The Meadows

Primary School

‘Play Together, Learn Together, Achieve Together’


'Composition' is all about understanding that one number can be made up from (composed from) two or more smaller numbers.  Learning to ‘see’ a whole number and its parts at the same time is really important. Partitioning (splitting) numbers into other numbers and putting them back together again underpins understanding of addition and subtraction as inverse operations (opposite of each other).

This includes:

  • Part-whole - looking at what the whole thing is and what a part can look like.  You can model this without numbers initially, e.g. the tree is the whole, the leaves and branches are the parts; the house is the whole, the rooms, bricks, roof are the parts; the body is the whole, the eyes are a part etc.
  • Inverse operations - Children need opportunities to partition a number of things into two groups, and to recognise that those groups can be recombined to make the same total. Encourage children to say the whole number that the ‘parts’ make altogether.
  • Knowing that number can be partitioned into different pairs of numbers.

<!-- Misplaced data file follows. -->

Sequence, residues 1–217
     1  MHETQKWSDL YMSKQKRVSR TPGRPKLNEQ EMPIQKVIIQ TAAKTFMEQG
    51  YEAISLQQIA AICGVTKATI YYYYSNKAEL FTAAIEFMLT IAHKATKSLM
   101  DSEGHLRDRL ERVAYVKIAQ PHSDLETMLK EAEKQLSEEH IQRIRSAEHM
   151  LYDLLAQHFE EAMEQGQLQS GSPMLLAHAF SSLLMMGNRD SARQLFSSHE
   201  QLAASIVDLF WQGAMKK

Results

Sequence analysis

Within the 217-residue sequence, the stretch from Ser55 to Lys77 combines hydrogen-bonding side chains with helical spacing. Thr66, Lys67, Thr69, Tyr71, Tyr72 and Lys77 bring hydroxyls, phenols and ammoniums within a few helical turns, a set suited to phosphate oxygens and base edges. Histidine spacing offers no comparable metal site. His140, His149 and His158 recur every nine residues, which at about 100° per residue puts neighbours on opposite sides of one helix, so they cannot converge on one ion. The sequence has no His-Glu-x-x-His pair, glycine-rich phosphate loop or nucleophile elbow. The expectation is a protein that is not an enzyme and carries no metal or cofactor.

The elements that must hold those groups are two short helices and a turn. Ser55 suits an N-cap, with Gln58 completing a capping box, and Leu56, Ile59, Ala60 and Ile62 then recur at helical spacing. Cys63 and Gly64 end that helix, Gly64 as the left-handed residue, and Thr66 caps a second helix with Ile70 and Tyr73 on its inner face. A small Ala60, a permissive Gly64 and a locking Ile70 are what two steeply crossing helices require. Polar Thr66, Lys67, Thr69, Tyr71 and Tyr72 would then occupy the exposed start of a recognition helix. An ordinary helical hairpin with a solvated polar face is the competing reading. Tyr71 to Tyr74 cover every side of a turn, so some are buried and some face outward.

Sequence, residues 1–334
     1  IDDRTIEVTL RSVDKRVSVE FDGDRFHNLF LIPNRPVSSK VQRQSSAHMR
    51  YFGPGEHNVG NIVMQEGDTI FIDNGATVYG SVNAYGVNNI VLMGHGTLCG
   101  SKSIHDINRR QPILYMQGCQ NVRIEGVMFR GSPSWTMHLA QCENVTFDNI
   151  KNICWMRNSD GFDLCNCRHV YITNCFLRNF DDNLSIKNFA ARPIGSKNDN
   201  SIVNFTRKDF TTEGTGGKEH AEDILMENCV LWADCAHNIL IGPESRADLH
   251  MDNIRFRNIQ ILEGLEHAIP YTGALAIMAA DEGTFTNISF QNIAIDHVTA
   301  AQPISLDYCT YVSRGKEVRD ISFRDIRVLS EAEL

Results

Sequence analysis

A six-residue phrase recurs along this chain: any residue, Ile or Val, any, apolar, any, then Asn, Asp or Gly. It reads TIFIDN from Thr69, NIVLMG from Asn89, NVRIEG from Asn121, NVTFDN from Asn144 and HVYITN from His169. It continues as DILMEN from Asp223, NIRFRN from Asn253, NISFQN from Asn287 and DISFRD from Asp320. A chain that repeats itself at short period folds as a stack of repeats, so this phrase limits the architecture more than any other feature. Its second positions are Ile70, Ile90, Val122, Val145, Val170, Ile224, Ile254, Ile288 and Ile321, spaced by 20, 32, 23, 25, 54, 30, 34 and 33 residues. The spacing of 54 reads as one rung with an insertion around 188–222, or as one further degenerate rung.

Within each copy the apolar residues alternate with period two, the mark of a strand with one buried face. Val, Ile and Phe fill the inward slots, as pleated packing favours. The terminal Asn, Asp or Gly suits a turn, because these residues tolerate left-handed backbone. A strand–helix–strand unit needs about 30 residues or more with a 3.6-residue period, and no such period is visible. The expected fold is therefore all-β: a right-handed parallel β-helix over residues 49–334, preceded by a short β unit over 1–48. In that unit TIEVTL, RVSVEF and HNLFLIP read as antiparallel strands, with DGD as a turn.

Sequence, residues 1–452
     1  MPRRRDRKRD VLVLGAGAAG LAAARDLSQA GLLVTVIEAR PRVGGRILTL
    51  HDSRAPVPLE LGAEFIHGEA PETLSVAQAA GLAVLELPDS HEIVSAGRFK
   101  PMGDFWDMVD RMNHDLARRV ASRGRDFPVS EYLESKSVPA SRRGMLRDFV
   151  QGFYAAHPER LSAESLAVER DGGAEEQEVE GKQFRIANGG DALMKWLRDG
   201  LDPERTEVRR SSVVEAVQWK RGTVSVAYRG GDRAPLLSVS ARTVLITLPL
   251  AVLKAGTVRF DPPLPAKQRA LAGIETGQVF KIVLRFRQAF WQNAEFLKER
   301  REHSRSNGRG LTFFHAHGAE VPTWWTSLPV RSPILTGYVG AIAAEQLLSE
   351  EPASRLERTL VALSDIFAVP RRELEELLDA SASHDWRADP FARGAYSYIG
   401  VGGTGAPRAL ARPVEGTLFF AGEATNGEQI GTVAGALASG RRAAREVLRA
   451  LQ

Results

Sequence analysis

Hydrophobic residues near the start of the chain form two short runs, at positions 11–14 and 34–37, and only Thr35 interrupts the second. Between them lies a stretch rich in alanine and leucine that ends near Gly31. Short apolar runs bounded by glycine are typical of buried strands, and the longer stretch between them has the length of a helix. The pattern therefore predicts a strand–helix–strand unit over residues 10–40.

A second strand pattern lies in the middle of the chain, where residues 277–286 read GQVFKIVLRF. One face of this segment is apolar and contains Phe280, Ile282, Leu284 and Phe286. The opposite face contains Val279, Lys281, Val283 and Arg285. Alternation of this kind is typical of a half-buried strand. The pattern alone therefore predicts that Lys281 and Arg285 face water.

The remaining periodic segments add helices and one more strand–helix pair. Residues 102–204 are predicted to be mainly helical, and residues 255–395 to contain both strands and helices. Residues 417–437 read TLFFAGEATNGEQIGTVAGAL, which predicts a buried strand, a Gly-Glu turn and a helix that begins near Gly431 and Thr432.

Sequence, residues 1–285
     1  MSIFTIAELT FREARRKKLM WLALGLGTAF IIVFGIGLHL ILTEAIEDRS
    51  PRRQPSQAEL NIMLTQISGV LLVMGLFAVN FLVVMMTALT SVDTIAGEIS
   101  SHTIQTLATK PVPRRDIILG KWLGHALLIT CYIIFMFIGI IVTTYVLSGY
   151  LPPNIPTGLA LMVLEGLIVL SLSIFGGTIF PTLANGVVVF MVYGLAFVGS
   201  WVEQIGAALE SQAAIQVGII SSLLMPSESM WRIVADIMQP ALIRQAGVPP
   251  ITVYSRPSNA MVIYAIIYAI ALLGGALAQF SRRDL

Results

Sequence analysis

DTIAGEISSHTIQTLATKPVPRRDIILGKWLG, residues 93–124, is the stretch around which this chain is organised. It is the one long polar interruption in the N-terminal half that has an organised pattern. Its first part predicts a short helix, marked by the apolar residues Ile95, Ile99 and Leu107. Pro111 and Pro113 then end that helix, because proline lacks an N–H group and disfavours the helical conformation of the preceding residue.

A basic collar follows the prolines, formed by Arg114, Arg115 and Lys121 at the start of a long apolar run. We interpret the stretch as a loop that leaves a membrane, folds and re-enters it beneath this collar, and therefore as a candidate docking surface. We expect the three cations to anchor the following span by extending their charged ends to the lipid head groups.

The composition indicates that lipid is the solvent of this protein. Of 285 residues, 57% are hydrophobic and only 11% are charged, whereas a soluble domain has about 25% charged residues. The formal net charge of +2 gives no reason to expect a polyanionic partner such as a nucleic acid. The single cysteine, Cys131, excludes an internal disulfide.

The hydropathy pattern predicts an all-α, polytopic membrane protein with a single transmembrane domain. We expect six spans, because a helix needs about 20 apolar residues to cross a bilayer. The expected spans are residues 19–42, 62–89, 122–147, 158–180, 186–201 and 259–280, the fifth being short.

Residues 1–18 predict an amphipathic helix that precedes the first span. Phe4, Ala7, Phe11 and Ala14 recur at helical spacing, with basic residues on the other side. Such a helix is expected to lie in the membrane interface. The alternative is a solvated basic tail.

• Knowing that number can be partitioned into more than two numbers.
  • Knowing and learning their number bonds - knowing which pairs of numbers make a given number.

Things you can do at home to develop this area:

  • Have 'number talks' when playing that allow them to discuss what they see e.g. a ladybird teddy with 5 spots - there are 5 spots altogether,  I can see 4 and 1 more.  Or explore what different numbers can look like e.g. 5 cars - there's 3 and 2, or there's 1 and 4 if we put them like this.  Encourage them to make different arrangements of a set of toys e.g. 4 teddies, dolls, trucks, animals etc.
  • exploring songs; for example, ‘Five Currant Buns’ – show that the whole is still five, but some are in the shop and some have been taken away; check throughout that there are still five currant buns
  • playing skittles and looking at how many are standing. How many have fallen over? How many are there altogether?
  • putting things into two containers in different ways
  • making a number with two different kinds of things. For example, make a fruit skewer with five pieces of fruit, using bowls of bananas/strawberries to choose from; then ask the children to describe how they have made theirs. They should compare it with a partner's: ‘What is the same about your skewers? What is different?’
  • Bunny Ears: using your fingers like bunny ears. 'With two hands, show me five fingers. Can you do it in a different way?' Or, 'Show five fingers altogether with a friend'
  • Spill the Beans: using double-sided counters or beans, where one side is coloured, throw the collection and note how many of each type can be seen and how many altogether
  • using six bean bags with different fabric on each side, throw the collection and note how many of each type can be seen.
  • Children need opportunities to say how many are hidden in a known number of things. For example: ‘Five toys go into a tent, then two come out. How many are left in the tent?’ The child should respond that there are still three toys in the tent.